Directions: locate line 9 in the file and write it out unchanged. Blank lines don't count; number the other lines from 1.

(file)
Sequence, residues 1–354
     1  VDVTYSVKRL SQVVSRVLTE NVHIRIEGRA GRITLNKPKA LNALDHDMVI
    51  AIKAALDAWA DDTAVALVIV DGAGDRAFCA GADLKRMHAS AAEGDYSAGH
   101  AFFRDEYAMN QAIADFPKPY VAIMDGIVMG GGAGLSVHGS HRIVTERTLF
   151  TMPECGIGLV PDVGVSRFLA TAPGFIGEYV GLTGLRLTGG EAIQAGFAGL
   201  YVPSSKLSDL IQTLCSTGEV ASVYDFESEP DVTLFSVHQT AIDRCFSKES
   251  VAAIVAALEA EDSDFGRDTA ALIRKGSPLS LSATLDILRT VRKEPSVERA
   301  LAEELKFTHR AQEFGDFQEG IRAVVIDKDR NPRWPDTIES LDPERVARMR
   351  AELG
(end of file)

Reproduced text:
   351  AELG